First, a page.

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How does Prospero blackmail Ariel in Act 1, Scene 2 of The Tempest?

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Prospero is not the benevolent master of his island in the play. He has a royal, authoritative and threatening demeanor. How does Prospero blackmail Ariel in Act I Scene II of The Tempest? Prospero blackmails Ariel by reminding him that he saved him from Sycorax and her spell of being trapped inside a pine tree for twelve years. In other words, Prospero threatens to return him to this fate if he continues to complain about his tasks.

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In act one, scene two, Ariel explains to Prospero that he created a magnificent tempest, which left the royal party stranded on the island as he was instructed to do. After Ariel elaboearwa on how each individual in the royal party is safe on the island but scattered into groups, Prospero mentions that there is still more work to be done, and Ariel reminds Prospero of their deal. Prospero responds by reminding Ariel of how he rescued him from the wicked witch Sycorax, who confined him in a hollow pine tree for twelve years using powerful magic. Prospero does not particularly blackmail Ariel because he does not demand something from Ariel in exchange for not revealing sensitive, compromising information about the spirit. However, Prospero does threaten to confine Ariel inside a pine tree again for twelve more years if he continues to complain. Prospero's threats depict him as a rather authoritative, insensitive ruler and not the benevolent, compassionate master of the island. He is focused on being restored to his former position as Duke of Milan.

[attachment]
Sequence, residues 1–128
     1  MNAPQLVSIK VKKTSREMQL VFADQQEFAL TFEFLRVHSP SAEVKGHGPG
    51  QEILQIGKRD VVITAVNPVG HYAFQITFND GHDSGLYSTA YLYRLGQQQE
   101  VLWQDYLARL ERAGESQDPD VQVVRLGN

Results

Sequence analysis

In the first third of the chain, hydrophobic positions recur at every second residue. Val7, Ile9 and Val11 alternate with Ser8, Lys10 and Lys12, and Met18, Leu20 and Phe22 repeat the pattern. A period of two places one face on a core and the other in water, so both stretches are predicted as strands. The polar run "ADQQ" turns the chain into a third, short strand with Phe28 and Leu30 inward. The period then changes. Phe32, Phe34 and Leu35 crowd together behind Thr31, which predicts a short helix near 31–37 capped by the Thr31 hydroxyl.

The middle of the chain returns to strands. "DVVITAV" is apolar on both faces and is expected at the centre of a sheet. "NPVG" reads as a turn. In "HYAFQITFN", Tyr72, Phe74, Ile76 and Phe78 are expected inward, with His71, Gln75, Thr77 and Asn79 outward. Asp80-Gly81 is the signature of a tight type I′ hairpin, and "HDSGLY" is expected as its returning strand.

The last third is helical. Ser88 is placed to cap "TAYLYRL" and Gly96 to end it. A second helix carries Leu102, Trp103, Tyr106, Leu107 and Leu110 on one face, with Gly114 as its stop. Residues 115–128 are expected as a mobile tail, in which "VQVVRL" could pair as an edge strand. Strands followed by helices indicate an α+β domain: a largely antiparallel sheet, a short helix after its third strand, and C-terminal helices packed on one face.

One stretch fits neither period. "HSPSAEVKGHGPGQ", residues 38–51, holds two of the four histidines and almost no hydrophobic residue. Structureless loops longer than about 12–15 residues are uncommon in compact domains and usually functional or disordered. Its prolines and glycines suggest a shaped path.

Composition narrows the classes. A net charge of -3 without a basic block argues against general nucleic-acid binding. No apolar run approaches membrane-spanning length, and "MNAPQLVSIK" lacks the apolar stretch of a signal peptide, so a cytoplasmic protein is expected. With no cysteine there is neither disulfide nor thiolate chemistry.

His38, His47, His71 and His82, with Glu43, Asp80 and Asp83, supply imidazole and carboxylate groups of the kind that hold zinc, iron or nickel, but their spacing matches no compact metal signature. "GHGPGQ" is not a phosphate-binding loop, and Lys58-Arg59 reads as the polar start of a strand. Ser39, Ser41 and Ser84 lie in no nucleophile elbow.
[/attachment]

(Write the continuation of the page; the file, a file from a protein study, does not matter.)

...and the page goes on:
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"Blackmail" may not be the most accurate word. Prospero actually bullies and threatens Ariel. He reminds him of how Sycorax kept him imprisoned, forcing Ariel to thank Prospero for the act of releasing him, but then Prospero goes on to threaten Ariel with precisely the same kind of imprisonment if he is disobedient and refuses to do what Prospero orders. Note the threat from Act I scene 2 where Prospero does this:

If thou more murmur'st, I will rend an oak,

And peg thee in his knotty entrails till

Thou hast howled away twelve winters.

This threat is successful (and shocking) because it is precisely the way that Sycorax imprisoned Ariel. The relationship between Prospero and Ariel is one that is of particular interest in this masterful play, as Prospero can be viewed as being far from the benevolent ruler he sometimes tries to be taken for. He can be viewed as exploiting Ariel most cruelly for his own purposes.

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